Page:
He'd gone down to the beach and found a rock. But not any old rock. He'd searched carefully, and found a large sea-smoothed one with veins of pink and white quartz. Girls liked that sort of thing. Now he waited, shyly, for her to finish work.
He tried to think of what he would say. No-one had ever told him what to say. It wasn't as if he was a smart troll like Rock or Morry, who had a way with words. Basically, he'd never needed much of what you might call a vocabulary. He kicked despondently at the sand. What chance did he have with a smart lady like her?
There was a thump of heavy feet, and the door opened. The object of desire stepped out into the night and took a deep breath, which had the same effect on Detritus as an ice cube down the neck. He gave his rock a panicky look. It didn't seem anything like big enough now, when you saw the size of her. But maybe it was what you did with it that mattered.
Well, this was it. They said you never forgot your first time . . .
He wound up his arm with the rock in it and hit her squarely between the eyes. That's when it all started to go wrong.
Tradition said that the girl, when she was able to focus again, and if the rock was of an acceptable standard, should immediately be amenable to whatever the troll suggested, i.e., a candle-lit human for two, although of course that sort of thing wasn't done any more now, at least if there was any chance of being caught.
She shouldn't narrow her eyes and catch him a ding across the ear that made his eyeballs rattle.
'You stupid troll!' she shouted, as Detritus staggered around in a circle. 'What you do that for? You think I unsophisticated girl just off mountain? Why you not do it right?'
'But, but,' Detritus began, in terror at her rage, 'I not able to ask father permission to hit you, not know where he living-'
Ruby drew herself up haughtily.
'All that old-fashioned stuff very uncultured now,' she sniffed. 'It's not the modern way. I not interested in any troll', she added, 'that not up-to-date. A rock on the head may be quite sentimental,' she went on, the certainty draining out of her voice as she surveyed the sentence ahead of her, 'but diamonds are a girl's best friend.' She hesitated. That didn't sound right, even to her.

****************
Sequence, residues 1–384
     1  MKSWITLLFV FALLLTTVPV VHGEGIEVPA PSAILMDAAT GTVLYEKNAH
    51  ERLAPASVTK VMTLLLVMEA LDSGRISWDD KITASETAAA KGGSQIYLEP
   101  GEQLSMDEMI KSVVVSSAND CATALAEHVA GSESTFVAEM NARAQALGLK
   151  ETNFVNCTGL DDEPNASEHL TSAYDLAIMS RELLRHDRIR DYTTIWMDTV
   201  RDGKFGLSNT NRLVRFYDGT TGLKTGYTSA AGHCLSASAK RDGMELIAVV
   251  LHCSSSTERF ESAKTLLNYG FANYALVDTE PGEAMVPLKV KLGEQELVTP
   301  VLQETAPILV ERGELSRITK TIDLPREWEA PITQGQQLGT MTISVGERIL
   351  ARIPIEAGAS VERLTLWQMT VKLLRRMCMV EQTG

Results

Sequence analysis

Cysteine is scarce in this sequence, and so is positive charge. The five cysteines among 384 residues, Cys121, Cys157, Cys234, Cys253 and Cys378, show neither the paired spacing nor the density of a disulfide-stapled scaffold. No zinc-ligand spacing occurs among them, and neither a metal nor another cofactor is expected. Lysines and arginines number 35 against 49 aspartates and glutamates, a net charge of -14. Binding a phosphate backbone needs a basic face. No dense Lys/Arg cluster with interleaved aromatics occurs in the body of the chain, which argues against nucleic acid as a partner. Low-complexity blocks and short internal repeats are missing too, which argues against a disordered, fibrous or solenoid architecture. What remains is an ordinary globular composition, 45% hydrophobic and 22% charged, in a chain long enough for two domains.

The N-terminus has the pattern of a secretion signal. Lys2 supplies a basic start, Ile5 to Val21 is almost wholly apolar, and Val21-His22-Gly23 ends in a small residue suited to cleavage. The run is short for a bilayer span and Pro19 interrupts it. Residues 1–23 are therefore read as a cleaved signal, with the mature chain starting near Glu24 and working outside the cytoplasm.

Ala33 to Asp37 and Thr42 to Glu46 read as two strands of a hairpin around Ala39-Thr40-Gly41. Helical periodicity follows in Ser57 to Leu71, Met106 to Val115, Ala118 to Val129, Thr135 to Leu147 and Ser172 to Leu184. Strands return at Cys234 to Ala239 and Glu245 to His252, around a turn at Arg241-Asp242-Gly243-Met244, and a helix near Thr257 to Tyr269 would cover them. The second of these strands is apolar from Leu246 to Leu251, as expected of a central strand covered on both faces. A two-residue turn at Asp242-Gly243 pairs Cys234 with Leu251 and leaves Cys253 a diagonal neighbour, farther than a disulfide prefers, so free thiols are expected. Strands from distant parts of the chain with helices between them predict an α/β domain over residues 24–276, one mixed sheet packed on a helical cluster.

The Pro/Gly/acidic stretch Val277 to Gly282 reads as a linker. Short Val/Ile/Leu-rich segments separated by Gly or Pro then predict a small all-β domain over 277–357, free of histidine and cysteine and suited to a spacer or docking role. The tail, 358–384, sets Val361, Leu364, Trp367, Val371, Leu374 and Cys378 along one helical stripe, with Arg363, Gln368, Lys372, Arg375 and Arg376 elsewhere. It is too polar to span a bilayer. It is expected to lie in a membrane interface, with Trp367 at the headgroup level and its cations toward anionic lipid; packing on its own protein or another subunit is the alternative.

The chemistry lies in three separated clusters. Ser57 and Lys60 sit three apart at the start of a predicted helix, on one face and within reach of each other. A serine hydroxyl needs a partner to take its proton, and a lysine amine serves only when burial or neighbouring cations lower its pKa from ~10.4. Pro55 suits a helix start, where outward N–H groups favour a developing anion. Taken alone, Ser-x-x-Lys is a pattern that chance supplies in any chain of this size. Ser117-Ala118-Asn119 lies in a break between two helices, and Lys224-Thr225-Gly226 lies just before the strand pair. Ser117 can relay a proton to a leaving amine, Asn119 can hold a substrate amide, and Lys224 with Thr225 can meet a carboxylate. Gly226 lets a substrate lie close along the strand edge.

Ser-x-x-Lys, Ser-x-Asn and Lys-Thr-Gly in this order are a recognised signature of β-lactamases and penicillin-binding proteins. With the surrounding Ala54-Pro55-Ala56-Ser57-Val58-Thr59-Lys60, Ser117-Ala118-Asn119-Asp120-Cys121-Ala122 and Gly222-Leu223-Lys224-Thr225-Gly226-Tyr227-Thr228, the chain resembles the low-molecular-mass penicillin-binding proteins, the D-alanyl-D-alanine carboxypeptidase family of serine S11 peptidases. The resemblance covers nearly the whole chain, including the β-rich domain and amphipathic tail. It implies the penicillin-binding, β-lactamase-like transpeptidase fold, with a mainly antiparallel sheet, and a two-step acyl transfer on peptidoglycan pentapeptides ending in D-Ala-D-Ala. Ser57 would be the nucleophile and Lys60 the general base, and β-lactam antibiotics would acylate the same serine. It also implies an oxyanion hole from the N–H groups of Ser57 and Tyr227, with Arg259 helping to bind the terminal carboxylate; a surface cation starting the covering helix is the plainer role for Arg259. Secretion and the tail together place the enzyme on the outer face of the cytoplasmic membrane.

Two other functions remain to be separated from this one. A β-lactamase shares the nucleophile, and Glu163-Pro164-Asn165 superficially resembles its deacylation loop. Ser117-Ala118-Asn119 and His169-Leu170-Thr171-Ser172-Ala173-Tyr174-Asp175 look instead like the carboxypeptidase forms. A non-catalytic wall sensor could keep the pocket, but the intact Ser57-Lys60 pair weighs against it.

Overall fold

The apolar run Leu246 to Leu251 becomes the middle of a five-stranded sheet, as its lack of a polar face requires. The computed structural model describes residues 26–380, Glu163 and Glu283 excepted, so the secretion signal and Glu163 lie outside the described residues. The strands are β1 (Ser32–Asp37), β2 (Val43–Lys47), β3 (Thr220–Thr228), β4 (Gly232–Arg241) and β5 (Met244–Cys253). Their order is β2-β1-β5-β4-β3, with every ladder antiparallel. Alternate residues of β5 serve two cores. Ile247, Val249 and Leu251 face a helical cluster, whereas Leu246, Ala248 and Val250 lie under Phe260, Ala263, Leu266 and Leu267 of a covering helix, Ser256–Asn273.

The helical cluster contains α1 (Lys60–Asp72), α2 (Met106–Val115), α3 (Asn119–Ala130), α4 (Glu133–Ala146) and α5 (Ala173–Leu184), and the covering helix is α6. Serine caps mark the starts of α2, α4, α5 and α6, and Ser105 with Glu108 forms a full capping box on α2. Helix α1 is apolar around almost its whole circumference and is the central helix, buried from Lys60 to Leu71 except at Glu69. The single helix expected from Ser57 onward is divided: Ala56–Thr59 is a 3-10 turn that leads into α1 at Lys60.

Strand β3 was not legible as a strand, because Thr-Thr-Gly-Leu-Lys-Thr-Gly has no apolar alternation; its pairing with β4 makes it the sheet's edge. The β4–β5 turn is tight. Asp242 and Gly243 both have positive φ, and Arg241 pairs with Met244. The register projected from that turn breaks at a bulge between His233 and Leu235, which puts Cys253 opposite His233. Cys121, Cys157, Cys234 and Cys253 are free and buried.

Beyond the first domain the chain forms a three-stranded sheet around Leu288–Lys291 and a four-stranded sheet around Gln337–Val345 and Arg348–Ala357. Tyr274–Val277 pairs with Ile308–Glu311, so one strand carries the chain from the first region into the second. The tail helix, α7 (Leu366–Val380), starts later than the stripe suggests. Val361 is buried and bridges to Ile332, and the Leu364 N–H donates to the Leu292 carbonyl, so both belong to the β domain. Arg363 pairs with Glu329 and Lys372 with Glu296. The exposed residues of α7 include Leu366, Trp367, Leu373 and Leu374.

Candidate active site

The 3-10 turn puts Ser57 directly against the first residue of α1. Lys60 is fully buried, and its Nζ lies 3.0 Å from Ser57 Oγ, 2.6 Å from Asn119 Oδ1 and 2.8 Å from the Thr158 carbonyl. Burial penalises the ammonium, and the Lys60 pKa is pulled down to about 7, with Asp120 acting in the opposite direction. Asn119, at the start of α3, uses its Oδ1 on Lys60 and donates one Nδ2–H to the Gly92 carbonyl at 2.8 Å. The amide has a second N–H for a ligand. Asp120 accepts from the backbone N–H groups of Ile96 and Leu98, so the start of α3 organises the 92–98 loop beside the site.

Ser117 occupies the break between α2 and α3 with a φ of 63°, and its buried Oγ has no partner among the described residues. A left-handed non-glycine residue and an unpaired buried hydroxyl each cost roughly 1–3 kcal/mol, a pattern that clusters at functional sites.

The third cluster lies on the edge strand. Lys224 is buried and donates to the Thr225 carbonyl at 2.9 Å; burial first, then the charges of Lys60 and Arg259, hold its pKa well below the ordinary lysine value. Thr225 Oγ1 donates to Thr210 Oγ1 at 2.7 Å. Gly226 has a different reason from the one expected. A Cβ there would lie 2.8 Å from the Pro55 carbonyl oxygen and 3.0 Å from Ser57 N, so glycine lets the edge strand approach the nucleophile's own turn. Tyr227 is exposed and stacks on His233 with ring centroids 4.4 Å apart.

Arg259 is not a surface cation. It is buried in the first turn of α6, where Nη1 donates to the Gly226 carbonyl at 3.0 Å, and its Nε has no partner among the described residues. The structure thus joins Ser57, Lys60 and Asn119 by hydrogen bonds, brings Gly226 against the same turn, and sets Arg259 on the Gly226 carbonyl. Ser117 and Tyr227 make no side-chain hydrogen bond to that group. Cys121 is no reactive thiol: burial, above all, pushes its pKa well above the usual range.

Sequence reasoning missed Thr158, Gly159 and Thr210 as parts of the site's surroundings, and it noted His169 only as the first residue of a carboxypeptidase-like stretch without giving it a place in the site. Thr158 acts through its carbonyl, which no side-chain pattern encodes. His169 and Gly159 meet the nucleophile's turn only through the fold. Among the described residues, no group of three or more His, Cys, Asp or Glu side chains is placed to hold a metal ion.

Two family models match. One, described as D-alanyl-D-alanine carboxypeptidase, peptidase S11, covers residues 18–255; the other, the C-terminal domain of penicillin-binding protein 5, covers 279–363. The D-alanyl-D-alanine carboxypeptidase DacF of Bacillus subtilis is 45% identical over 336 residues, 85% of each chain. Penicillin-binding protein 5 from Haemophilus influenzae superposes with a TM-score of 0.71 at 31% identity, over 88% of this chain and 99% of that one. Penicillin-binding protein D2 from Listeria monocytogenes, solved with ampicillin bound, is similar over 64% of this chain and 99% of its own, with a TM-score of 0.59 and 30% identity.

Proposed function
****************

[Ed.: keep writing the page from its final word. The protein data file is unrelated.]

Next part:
It certainly puzzled Detritus.
'What? You want I should knock my teeth out?' he said.
'Well, all right, not diamonds,' Ruby conceded. 'But there proper modern ways now. You got to court a girl.'
Detritus brightened. 'Ah, but I-' he began.
'That's court, not caught,' said Ruby wearily. 'You got to, to, to-' She paused.
She wasn't all that sure what you had to do. But Ruby had spent some weeks in Holy Wood, and if Holy Wood did anything, it changed things; in Holy Wood she'd plugged into a vast cross-species female freemasonry she hadn't suspected existed, and she was learning fast. She'd talked at length to sympathetic human girls. And dwarfs. Even dwarfs had better courtship rituals, for gods' sake. And what humans got up to was amazing.
Whereas all a female troll had to look forward to was a quick thump on the head and the rest of her life subduing and cooking anything the male dragged back to the cave.
Well, there were going to be changes. Next time Ruby went home the troll mountains were going to receive their biggest shake-up since the last continental collision. In the meantime, she was going to start with her own life.
She waved a massive hand in a vague way.
'You got to, to sing outside a girl's window,' she said, 'and, and you got to give her oograah.'
'Yeah. Pretty oograah.'
Detritus scratched his head.
'Why?' he said.
Ruby looked panicky for a moment. She also couldn't for the life of her imagine why the handing over of inedible vegetation was so important, but she wasn't about to admit it.
'Fancy you not knowing that,' she said scathingly.
The sarcasm was lost on Detritus. Most things were.
'Right,' he said. 'I not so uncultured as you think,' he added. 'I bang up to date. You wait and see.'
Hammering filled the air. Buildings were spreading backwards from the nameless main street into the dunes. No-one owned any land in Holy Wood; if it was empty, you built on it.
Dibbler had two offices now. There was one where he shouted at people, and a bigger one just outside it where people shouted at each other. Soll shouted at handlemen. Handlemen shouted at alchemists. Demons wandered over every flat surface and drowned in the coffee cups and shouted at one another. A couple of experimental green parrots shouted at themselves. People wearing odd bits of costume wandered in and just shouted. Silverfish shouted because he couldn't quite work out why he now had a desk in the outer office even though he owned the studio.
Gaspode sat stolidly by the door to the inner office. In the past five minutes he had attracted one half-hearted kick, a soggy biscuit and a pat on the head. He reckoned he was ahead of the game, dogwise.
He was trying to listen to all the conversations at once. It was extremely instructive. For one thing, some of the people coming in and shouting were carrying bags of money . . .
The shout had come from the inner office. Gaspode cocked the other ear.
'I, er, want a day off, Mr Dibbler,' said Victor.
'A day off? You don't want to work?'
'Just for the day, Mr Dibbler.'
'But you don't think I'm going to go around paying people to have days off, do you? I'm not trade of money, you know. It's not as if we make a profit, even. Hold a crossbow to my head, why don't you.'
Gaspode looked at the bags in front of Soll, who was furiously adding up piles of coins. He raised a cynical eyebrow.
There was a pause. Oh, no, thought Gaspode. The young idiot's forgetting his lines.